Trauma Training Tip
The eyes are the Wood Element’s sense organ. Together with our senses of hearing, smell, taste and kinesthesia, they support the Wood’s function to orient to our surroundings, assess threats, and strategically plan successful mobilization responses.
Eye placement is different in animals that are predators from those that are prey. Predators need to see long distances across a wide range to seek out prey. Their eye placement is necessarily in the front of their face, with round pupils. Cats, owls and humans are good examples of predator eye placement.
Prey animals need to see up close and in all directions to perceive threats. Their eyes are particularly attuned to movement. Prey eye placement is necessarily on the sides of the head, they excel in peripheral vision. Rabbits, squirrels and mice are examples.
Human beings are unique in the animal kingdom in that we are both predators and prey. Our eye position is at the front of our face, supporting us to scan across large areas and distances, like a predator. Our neck allows us to move our senses around to locate and interpret threats, and to facilitate exploring and navigating for safety. It is our neck that helps us function when we are in the position of prey. It aims our senses to help us discern potential threats when circumstances require it.
The high winds we have been experiencing lately on the East Coast of the U.S. may result in braced and rigid neck muscles. Freeing up your patient’s neck is critical to supporting their ability to move their sense organs around and orient to their surroundings. If our physiological capacity to orient to threats is compromised, we won’t be able to gather information from our environment, orient to, or complete a successful threat response.
We can’t feel safe if we can’t orient to our environment.
Alaine’s Two Cents
The Wood Element mirrors our Sympathetic Nervous System. It is always “on” — always available to defend and protect us. It is highly skilled at orienting to and then mobilizing appropriate responses to threats. If that response is thwarted, it will remain in our tissues, awaiting an opportunity to complete.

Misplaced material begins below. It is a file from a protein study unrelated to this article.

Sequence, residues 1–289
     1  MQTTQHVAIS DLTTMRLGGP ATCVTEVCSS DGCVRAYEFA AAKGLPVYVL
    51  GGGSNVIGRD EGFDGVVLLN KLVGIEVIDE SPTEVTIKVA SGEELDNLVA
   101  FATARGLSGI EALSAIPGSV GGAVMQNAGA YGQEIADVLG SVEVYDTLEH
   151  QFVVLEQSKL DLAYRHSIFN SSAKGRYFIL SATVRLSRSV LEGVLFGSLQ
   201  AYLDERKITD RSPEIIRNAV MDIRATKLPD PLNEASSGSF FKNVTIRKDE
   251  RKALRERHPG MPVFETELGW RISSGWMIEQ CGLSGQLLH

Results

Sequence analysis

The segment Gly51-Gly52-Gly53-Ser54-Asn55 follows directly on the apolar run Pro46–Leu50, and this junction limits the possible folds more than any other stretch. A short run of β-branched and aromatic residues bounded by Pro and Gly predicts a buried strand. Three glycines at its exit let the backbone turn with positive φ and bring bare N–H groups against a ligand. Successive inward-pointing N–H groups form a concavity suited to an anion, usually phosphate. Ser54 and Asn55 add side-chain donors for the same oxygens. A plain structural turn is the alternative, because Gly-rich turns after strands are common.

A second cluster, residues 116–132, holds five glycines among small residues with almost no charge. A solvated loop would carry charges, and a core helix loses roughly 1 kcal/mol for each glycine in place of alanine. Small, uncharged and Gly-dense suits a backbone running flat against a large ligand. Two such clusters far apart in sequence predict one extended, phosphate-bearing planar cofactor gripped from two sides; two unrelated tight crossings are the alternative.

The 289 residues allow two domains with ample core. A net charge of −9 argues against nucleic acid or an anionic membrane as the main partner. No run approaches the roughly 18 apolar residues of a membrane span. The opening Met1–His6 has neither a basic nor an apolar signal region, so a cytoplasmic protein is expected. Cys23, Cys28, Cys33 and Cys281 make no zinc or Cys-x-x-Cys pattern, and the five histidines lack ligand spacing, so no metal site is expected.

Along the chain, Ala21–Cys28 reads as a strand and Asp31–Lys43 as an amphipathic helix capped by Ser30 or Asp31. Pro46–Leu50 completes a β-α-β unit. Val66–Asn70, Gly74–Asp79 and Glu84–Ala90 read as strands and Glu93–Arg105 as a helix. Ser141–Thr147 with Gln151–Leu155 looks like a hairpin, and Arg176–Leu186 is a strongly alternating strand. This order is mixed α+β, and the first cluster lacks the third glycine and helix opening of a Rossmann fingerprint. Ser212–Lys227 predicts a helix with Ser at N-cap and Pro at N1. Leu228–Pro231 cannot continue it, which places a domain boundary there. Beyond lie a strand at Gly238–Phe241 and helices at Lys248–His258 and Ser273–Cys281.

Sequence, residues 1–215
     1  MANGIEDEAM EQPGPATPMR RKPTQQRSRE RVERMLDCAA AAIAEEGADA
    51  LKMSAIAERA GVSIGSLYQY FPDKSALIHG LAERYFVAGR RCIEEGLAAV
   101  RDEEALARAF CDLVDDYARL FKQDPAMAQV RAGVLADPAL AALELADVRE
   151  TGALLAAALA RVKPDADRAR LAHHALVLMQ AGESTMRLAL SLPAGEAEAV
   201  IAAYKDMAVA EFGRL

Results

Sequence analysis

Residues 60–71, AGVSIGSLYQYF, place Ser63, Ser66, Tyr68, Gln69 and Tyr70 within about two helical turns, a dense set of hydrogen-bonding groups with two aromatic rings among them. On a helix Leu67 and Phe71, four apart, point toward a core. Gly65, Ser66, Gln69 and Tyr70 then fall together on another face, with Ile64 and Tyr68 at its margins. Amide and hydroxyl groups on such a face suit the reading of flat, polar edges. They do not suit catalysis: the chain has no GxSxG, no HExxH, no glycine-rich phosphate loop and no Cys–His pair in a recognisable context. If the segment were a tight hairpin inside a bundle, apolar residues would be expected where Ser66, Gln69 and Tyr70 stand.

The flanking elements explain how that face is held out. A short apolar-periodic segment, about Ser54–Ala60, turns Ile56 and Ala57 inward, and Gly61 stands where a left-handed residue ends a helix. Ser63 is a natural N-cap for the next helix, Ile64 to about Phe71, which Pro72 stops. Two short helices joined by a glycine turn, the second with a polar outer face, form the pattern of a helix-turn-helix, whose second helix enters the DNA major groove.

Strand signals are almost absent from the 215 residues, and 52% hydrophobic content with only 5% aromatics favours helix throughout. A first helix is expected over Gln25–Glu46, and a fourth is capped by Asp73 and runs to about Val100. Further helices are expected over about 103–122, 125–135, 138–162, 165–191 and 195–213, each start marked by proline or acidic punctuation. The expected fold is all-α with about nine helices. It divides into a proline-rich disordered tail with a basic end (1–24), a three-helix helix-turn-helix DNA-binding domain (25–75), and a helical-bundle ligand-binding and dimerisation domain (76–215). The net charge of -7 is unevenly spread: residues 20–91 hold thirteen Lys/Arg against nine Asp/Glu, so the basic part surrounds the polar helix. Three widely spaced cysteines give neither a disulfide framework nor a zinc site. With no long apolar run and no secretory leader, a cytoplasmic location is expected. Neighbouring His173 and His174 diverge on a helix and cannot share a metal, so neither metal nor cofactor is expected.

Thwarted mobilization responses are an important aspect of the complex dynamics of violence in our homes and on our streets. The most important contribution to conflict resolution that providers can make is to provide conditions that allow our client’s thwarted mobilization responses to complete in a titrated, paced and safe way. Survivors need an opportunity to access the impulse under their unsuccessful mobilization –and allow it to complete.
Where is your clinical curiosity carrying you?
Send me a question or two and I will explore them with readers in this corner next month.
Q. Until I took your class on “Mobilizing A Response”, I didn’t realize the significance of my patient’s chronic neck stiffness. She occasionally complains of having to turn her whole body to check traffic when returning to the right lane of traffic — but it seemed like a small thing. No wonder she is timid and lacks assertiveness!
This person may also be deficient in their Liver Blood.
If we’ve got plenty of Liver Blood and Qi, we may instead be blustery and commanding in our relationship to the circumstances in our environment.
The important thing for us to realize as providers, is that in either circumstance, we are less able to negotiate obstacles, and more likely to be re-injured.